I wandered up through the bush where I'd heard the cow talking to the calf this morning, but didn't see her until I came over the top of the hill - and there she was, lying with her head down the hill, looking like another dead one! I'm feeling a little paranoid about calf death at the moment.
In my great relief at finding the calf alive, I quietly moved to sit beside her and spent half an hour with her, stroking her gloriously soft hair and enjoying her quiet warmth.
Her mother was sitting further down the hill, quite unconcerned by my proximity to her baby, or unaware of it, since the calf made no noise and hadn't moved.
428 had a picture-perfect calving this afternoon, being obviously in labour, then quite quickly getting on with delivering her bull calf. She's a three-year-old and there's a lot riding on this calf: last year's calf was a pathetic little thing and 428 stayed fat throughout her lactation, so she'd better do better with this calf, or it will be her last! She's a lovely little cow, but if she doesn't produce calves which meet my growth expectations (and the potential her breeding suggested) her place will be taken by someone else.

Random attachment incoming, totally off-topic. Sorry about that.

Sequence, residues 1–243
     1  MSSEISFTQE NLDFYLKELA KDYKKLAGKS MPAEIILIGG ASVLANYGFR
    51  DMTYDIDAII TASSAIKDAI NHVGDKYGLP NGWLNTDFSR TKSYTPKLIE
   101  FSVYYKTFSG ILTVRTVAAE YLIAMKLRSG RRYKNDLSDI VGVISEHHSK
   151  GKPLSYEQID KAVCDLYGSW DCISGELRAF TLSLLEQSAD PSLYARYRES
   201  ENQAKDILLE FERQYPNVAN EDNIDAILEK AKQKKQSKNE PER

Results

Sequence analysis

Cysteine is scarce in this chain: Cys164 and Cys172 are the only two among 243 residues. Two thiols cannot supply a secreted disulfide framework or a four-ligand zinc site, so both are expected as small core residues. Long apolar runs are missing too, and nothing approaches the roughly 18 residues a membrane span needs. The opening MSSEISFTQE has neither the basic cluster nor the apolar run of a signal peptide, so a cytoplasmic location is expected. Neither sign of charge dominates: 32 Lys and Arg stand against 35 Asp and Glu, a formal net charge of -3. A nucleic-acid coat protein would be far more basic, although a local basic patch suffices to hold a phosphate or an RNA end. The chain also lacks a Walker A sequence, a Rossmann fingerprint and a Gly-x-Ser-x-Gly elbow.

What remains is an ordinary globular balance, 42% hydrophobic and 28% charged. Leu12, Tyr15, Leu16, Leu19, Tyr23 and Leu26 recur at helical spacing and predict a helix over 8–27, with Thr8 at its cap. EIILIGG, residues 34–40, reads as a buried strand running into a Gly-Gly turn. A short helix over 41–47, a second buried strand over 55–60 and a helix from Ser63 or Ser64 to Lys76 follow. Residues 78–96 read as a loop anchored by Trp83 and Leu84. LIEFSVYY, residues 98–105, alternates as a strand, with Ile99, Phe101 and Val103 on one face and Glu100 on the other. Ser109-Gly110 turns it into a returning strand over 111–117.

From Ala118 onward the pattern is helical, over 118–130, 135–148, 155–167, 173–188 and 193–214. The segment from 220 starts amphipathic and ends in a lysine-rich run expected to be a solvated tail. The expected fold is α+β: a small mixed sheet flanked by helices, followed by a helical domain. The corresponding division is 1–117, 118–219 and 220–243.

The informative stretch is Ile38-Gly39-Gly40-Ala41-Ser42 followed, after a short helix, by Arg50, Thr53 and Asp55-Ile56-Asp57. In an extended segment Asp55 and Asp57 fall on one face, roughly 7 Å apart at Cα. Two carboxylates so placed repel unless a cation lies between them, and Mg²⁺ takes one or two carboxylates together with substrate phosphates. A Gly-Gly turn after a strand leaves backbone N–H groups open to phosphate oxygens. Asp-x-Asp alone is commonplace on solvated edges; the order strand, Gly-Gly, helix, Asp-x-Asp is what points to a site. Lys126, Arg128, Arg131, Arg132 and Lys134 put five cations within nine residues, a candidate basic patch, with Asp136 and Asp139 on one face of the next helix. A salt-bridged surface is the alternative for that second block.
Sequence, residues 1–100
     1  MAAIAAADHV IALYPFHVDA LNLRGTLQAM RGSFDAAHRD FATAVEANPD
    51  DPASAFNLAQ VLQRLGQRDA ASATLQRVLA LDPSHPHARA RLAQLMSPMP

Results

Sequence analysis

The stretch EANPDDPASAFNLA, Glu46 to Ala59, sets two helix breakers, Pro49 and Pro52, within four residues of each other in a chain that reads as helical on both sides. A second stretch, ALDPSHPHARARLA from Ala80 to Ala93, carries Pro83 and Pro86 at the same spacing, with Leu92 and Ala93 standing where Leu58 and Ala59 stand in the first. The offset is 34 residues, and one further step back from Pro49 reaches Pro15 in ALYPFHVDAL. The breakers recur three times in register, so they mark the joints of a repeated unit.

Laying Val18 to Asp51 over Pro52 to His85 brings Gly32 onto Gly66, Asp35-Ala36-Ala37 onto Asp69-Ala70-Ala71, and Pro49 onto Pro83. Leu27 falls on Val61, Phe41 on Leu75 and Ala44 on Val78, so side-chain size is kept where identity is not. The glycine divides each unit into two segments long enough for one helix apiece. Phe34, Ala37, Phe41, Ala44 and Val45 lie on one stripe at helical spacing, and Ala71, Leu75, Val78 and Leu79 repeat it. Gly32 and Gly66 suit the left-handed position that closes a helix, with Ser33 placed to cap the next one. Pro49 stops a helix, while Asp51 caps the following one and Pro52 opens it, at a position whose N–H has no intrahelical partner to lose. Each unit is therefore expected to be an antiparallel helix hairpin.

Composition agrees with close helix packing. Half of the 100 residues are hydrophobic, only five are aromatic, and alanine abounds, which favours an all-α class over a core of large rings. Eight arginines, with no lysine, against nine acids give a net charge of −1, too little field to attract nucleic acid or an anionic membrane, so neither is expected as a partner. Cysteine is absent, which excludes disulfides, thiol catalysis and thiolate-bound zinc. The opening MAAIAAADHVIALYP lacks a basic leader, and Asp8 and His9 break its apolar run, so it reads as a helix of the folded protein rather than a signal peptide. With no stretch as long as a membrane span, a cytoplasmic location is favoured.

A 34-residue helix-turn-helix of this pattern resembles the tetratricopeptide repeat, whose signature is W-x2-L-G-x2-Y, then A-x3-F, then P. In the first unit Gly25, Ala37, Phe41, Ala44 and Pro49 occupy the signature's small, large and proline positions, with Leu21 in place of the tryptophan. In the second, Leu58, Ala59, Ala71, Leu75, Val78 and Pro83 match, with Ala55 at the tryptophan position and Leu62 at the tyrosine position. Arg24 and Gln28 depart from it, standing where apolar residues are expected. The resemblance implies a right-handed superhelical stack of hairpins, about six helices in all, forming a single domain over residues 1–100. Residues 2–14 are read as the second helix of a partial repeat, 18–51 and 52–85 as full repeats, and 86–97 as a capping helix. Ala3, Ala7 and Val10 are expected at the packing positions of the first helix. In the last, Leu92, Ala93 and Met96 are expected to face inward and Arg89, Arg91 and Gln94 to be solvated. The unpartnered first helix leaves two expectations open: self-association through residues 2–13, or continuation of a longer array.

Jenny the dog doesn't get to go for too many runs at present, while there are new babies all over the flats, so she does the chickens with Stephan every night and has a romp around the paddock there. She and the rooster apparently had a bit of a disagreement yesterday - he bit her - and now she's either stalking him with evil intent, or practising herding, we're not really sure, except that every now and then he flies at her, with spurs extended, and she runs away. She's not a very brave dog - more of a chicken than the rooster!
418 calved just after dark last night, another heifer. Last year's calf, 506, did very well and is one of the largest yearlings, ready for mating this year. 418 is my favourite, the original backwards baby from 2002.